Adding brittle fibers to a brittle matrix can create a composite which is substantially tougher than the monolithic matrix by providing mechanisms for energy dissipation during crack propagation. A model based on probabilistic principles has been developed to calculate the increased energy absorption during fracture for a brittle matrix reinforced with very short, poorly bonded fibers. This model, previously developed for planar fiber orientations, is extended to consider the three-dimensional fiber orientations which may occur during composite fabrication. The fiber pull-out energy is assumed to dominate other fracture energy terms, and simple parametric studies are given to demonstrate the effect of fiber orientation, fiber length, fiber diameter, and fiber-matrix interfacial shear stress. In particular, the fiber orientation effects may be grouped into an effective “orientation parameter”. The model predictions compare satisfactorily with the limited data available, and offer a conceptual framework for considering the effect of changing the physical variables on the fracture energy of the composite.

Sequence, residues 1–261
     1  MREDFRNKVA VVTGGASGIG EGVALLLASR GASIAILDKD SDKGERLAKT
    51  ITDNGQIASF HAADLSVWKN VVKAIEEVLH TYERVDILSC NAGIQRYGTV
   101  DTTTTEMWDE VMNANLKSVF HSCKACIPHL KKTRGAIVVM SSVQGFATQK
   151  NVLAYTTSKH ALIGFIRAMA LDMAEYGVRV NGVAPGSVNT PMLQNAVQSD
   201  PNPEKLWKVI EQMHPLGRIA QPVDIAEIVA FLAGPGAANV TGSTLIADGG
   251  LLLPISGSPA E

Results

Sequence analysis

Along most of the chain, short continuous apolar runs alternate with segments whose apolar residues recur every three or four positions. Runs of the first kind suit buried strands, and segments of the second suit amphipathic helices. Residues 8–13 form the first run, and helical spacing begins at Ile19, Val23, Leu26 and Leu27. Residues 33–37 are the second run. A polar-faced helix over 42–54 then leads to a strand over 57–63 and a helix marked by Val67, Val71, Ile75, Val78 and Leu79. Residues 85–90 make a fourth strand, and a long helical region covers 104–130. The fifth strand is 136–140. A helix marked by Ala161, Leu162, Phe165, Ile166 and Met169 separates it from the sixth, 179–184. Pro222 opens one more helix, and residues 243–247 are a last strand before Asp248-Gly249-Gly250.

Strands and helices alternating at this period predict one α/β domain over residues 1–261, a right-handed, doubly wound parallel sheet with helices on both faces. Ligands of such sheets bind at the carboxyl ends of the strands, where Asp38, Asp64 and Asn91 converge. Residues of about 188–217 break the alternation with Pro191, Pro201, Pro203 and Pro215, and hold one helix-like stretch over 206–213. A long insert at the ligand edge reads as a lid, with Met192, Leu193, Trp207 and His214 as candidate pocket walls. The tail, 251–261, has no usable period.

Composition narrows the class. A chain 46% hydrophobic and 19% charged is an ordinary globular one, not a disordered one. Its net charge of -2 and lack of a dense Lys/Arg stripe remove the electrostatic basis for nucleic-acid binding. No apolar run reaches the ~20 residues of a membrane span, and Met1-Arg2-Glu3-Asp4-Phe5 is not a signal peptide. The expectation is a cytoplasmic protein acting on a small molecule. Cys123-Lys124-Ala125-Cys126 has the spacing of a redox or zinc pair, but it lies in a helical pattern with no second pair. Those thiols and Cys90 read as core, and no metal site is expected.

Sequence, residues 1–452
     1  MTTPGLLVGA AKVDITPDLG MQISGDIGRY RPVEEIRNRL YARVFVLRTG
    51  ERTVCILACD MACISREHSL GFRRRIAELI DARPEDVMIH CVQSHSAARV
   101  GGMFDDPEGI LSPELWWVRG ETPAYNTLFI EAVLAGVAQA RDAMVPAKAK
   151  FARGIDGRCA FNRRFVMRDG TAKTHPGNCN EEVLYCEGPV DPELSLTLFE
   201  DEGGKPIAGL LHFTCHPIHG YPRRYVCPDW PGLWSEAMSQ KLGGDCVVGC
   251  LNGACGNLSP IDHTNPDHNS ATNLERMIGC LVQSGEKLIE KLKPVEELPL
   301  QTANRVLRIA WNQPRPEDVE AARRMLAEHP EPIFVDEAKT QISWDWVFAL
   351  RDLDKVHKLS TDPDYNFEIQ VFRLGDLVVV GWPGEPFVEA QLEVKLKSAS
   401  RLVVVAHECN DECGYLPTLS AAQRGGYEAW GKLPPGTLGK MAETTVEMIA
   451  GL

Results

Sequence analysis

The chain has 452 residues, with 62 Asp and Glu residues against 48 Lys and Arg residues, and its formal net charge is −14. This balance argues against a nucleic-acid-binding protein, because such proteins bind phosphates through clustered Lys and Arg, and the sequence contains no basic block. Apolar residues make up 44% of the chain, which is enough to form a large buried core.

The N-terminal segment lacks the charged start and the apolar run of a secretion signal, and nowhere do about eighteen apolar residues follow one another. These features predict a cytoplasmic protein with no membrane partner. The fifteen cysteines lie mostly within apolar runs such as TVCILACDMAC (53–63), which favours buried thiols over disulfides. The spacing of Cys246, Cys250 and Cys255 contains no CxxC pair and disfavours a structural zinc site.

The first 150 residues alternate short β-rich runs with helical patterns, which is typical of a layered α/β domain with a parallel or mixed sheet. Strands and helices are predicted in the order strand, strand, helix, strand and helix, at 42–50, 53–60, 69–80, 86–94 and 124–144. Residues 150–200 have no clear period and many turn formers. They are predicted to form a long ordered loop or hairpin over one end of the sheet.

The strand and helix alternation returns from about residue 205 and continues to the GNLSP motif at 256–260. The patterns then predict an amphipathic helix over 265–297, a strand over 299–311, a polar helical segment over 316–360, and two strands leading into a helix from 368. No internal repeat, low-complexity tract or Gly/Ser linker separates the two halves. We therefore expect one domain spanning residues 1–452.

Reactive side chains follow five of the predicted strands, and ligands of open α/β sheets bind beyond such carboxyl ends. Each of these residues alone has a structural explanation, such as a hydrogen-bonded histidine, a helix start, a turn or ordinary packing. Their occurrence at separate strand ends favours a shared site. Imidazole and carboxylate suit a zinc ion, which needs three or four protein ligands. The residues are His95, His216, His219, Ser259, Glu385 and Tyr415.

- International Gas Turbine Institute
Fracture Energy for Short Brittle Fiber/Brittle Matrix Composites With Three-Dimensional Fiber Orientation
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Wetherhold, RC. "Fracture Energy for Short Brittle Fiber/Brittle Matrix Composites With Three-Dimensional Fiber Orientation." Proceedings of the ASME 1989 International Gas Turbine and Aeroengine Congress and Exposition. Volume 5: Manufacturing Materials and Metallurgy; Ceramics; Structures and Dynamics; Controls, Diagnostics and Instrumentation; Education; General. Toronto, Ontario, Canada. June 4–8, 1989. V005T12A002. ASME. https://doi.org/10.1115/89-GT-125
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